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Already up and running? This course is the next step in building your Autodesk Inventor skillset. Author John Helfen takes you through the interface and key processes of this parametric design system, including sketching, part modeling, assemblies, and drawings. Each process works in conjunction with the rest, allowing you to create parts and assemblies and document them in a way that they can be manufactured. Learn how to set up your project file; create and modify geometry; create extrusions, sweeps, and lofts; build parts with placed features and patterns of features; and create iParts and iFeatures. John also covers assembly visualization techniques, drawing views, and balloons and parts lists.
The course was created and produced by John Helfen. We're honored to host this training in our library.
Just like Microsoft Office has different file formats for Word docs, Excel files and Powerpoint, Autodesk Inventor provides several different file formats, depending on the type of thing you're creating within the product. To see the different types of files that can be created within Autodesk Inventor, you can go to the Getting Started tab. To the Launch panel and select New. This will bring up our Create New File dialog box. This dialog box is separated into a few different sections that'll help you when selecting a file.
On the left, is the template section. Depending on the settings that were selected during installation, the units you're using and the standard you're following, will be reflected within this folder. The templates folder actually holds the default options that you selected during the installation. If at any point you need to do something outside of those options, you can use the folders in the template section to select different file templates. For example, if we select the metric folder, you can see that we have a standard.iam in millimeters, we have a standard.iam with the DIN standard and so on.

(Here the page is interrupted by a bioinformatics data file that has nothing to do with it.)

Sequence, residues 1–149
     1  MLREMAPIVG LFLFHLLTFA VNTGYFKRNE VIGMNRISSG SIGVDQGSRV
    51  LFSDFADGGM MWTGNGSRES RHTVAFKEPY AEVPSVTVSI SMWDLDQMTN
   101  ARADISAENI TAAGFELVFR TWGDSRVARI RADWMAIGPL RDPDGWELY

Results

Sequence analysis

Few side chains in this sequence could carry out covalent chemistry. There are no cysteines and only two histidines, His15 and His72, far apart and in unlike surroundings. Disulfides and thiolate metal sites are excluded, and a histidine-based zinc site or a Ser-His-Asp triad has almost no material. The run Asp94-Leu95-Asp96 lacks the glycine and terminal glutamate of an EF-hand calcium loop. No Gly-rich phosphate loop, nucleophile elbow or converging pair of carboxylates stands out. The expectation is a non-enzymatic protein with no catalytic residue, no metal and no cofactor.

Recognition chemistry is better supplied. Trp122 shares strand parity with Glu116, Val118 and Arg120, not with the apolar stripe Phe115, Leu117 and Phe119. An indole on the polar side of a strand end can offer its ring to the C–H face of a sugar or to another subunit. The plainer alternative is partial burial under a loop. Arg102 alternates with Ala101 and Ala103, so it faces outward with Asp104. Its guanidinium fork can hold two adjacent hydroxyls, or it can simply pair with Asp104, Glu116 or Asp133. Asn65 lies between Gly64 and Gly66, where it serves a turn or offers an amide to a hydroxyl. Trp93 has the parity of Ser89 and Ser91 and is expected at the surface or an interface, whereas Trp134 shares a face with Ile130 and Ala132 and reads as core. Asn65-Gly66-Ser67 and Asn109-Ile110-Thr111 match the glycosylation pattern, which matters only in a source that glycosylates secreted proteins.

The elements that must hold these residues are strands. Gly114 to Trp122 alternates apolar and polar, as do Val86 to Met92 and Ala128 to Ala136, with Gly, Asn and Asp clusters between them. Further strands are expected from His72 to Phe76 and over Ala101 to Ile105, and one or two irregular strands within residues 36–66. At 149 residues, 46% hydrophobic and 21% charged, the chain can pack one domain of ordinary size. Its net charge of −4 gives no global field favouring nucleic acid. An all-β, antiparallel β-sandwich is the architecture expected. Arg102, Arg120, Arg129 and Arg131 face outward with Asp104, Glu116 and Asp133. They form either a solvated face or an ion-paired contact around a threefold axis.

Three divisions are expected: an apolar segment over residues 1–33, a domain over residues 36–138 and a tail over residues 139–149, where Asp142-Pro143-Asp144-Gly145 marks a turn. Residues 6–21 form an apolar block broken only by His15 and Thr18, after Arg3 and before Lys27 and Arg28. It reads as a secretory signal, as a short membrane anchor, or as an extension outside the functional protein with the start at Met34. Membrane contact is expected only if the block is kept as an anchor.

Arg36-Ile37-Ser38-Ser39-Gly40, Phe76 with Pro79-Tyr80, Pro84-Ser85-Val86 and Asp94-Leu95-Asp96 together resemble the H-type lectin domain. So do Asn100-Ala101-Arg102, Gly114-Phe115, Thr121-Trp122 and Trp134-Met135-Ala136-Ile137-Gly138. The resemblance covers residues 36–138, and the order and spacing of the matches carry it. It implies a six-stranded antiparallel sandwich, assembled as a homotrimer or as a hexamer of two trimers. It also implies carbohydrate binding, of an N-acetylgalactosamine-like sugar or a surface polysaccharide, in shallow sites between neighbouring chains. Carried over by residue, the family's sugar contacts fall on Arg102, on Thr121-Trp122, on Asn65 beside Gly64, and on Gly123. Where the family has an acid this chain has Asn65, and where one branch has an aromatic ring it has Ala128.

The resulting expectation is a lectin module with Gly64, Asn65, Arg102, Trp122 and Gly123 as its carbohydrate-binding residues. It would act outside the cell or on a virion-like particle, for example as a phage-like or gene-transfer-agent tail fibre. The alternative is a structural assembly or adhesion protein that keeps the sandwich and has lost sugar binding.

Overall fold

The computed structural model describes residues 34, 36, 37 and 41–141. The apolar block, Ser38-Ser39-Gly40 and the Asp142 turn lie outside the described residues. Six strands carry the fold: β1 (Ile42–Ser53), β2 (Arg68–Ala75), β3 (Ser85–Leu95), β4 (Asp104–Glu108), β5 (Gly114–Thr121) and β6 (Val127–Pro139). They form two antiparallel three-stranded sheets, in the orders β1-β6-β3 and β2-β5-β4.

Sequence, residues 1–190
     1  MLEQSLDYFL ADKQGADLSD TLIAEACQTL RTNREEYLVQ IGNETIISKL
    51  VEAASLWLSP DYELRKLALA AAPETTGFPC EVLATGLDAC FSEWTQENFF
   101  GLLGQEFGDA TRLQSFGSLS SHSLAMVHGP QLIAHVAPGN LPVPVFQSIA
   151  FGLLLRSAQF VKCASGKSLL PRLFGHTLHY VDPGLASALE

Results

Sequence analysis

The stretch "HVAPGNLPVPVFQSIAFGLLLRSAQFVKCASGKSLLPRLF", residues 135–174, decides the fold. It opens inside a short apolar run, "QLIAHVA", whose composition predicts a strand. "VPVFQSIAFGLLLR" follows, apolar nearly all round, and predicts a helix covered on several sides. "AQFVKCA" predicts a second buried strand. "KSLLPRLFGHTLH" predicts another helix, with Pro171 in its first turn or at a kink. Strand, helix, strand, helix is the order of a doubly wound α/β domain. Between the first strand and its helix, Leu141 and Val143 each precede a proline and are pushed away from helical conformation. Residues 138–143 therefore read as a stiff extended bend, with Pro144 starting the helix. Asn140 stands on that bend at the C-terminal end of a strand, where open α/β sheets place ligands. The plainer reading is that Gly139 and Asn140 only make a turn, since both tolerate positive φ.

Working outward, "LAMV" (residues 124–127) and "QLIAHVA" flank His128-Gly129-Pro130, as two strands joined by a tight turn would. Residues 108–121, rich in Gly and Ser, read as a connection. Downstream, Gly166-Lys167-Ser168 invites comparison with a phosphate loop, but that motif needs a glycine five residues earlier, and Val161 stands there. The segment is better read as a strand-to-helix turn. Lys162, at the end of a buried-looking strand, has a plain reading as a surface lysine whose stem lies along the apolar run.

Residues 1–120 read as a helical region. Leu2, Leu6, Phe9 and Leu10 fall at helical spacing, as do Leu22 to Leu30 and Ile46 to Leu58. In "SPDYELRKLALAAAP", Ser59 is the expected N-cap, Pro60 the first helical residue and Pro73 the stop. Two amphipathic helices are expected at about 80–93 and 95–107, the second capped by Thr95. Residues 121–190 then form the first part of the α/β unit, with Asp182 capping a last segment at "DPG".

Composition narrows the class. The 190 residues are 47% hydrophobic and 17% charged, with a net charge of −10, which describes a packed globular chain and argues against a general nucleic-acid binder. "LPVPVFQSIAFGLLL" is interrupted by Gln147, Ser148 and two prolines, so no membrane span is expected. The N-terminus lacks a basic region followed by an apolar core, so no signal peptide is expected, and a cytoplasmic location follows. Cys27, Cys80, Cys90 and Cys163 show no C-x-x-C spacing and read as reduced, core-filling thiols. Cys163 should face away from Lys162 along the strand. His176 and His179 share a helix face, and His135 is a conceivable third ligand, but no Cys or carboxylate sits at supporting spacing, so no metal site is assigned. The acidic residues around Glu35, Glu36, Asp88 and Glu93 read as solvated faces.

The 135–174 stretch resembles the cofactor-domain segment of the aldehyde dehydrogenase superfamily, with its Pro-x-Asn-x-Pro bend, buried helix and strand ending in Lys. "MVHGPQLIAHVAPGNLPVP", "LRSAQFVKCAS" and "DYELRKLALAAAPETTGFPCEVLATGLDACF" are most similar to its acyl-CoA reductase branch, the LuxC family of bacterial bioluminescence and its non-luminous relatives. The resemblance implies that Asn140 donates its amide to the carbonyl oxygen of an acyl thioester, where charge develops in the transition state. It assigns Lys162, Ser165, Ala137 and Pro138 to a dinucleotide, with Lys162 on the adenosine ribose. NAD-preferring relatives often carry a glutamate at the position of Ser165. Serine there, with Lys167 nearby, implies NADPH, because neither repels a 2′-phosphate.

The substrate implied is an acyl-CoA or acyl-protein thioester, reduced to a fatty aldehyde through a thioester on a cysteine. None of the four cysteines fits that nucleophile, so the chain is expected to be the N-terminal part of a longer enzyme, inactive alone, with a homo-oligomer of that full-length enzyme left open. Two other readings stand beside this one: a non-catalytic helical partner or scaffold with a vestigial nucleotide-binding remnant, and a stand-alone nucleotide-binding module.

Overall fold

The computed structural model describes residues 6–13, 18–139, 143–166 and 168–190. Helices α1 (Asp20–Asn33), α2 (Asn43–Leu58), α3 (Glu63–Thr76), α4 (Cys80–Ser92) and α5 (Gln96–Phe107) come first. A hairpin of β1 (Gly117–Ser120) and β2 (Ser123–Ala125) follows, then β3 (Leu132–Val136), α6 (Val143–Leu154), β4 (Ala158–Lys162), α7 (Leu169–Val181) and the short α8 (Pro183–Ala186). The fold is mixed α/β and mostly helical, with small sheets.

Depending on your needs, you can go back and change these templates. But in most cases, the templates listed in the templates folder, or the ones that were default based on your settings during installation, will be sufficient for most design. In the center, we have the different types of files. We have part files, which represent a single thing or a single object. For example, it could be a pen cap. It could be a tire rim for a car. But the key here is part files, indicated by the .ipt extension, are single items, that represent one part.
The other type of file within the part section is a sheet metal file. It also represents a single item. But, if you select on it, you can see the type of file that, is created. There are going to be special tool within this environment that allow you to create unique items specific to sheet metal creation. Things like bends, folds, and flat patterns. Next we have assembly files. The standard.iam file is an assembly file with an inventor.
And it is essentially a wrapper or a container, that can hold other part files, or a group of part files, or even other assemblies. It allows you to take the parts that you've created in ipt format, place them into assemblies, and create connections between those parts to show how they function in the real world. Just like in the parts section, assembly's also have an alternate file type. This is the weldment.iam. It works just like an assembly file. But just like the sheet metal environment, it will include or provide, additional tools and functionality that allow you to not only show how the parts are connected within the assembly, but also how they're welded and connected together, physical.
Next we have drawing files. Drawing files come in two different file formats. .idw is the standard Inventor drawing file. And standard.dwg, is the standard AutoCAD file format. Depending on your need within your environment, you may choose to set either of these as your default. Because Autodesk creates AutoCAD and Autodesk Inventor, creating a DWG from within Inventor, is as if you've created the file natively in AutoCAD. Finally, we have presentation files.
Presentation files, are exploded views of an assembly. It allows you to take in an assembly, and show how those parts are connected, so that they can be documented properly within a drawing. Within this course, we'll be focusing on the standard.ipt, the standard.iam, and standard.idw
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